Making a mark on today’s world

Morgan White
Opinion Editor

Illustration by Kayla Seabridge

A friend of mine used to go on about the beauty of writing but rarely did it. He tried to at one point. He was decent at it but I suspect if he would have kept going he could have been great. His excuse was that he was afraid to be in his head. He had it all wrong. You don’t write to get into your head, you write to get out of your head.

The first thing I ever wrote on my own was a speech that I gave to my family on Thanksgiving. It was the November after 9/11. I was a fourth grader who had a “Eureka!” moment in the shower and grabbed a pencil and a piece of paper. I wrote about how we must not fear.

I’m a writer because I do fear. I’m a writer because I seek to create something that doesn’t exist. I worry about having an unvalidated purpose and I feel that if I can create something that provides some sort of change in the world then perhaps I have done my part to leave a mark on the world.

Words, they exist. Communication has existed before me and will exist after me. Great writers, poets and journalists have existed before me and will exist after me. But right now I exist. I’m part of a collective of creatives who are working to capture the moment that we live in, the years that we live through. My community’s undertaking — the undertaking of the great writers, poets and journalists of today — is crucial to the shaping of the culture.

Recently, I made a discovery about my work, or writing in general. Writing self-involved work does not mean the work that you create will be good. I told myself I’d stick to it but it’s been hard.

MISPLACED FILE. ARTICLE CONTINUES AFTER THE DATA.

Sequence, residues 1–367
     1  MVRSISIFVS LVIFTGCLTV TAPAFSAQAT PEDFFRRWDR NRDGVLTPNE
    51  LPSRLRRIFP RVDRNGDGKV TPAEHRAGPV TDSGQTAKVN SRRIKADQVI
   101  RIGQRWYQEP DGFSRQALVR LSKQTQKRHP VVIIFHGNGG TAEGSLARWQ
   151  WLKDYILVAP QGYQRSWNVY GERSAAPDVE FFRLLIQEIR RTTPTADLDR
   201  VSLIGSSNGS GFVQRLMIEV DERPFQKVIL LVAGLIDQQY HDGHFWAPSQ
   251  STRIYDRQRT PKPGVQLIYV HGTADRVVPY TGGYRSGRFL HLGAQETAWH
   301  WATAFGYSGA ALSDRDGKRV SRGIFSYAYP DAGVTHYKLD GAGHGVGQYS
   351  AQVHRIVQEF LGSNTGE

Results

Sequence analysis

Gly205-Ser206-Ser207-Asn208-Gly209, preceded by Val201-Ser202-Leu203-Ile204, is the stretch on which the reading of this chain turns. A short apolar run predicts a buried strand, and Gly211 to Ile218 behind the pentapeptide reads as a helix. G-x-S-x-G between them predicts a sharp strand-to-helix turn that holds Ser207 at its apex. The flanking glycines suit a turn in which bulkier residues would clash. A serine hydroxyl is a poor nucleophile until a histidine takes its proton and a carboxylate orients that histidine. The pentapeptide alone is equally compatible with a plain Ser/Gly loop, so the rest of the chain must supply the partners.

But this is my last column as the opinion editor of The Commonwealth Times and I have things to say that involve me in them. So I’m breaking my rule, hopefully for one of the last times for a while.

I’ve learned a lot during my tenure over the past year, the skills I possess now are much to be owed to the editors and writers I’ve worked with over the past year. I owe each of them a very sincere thanks in letting me work beside them over the past year while I have attempted to grow to the point where the work I put out is worthy of having the job title that I’ve worn over the past year. More thanks is owed to my family, significant other and friends who have supported me through the thick of it.   

Writing is not something I’ve done in college to get by. Writing is not a fad for me. It’s what defines me as a person.  It’s the thing I do to grow as a human being and to help those around me grow as well, in whichever way it may help.

Perhaps the thing I have tried to get at most in my writing over the past few years, especially at the CT, is that you are not alone. Someone out there understands the struggle you’re going through. If that is the same thing that I’ve gone through then I hope I’ve helped in some way.

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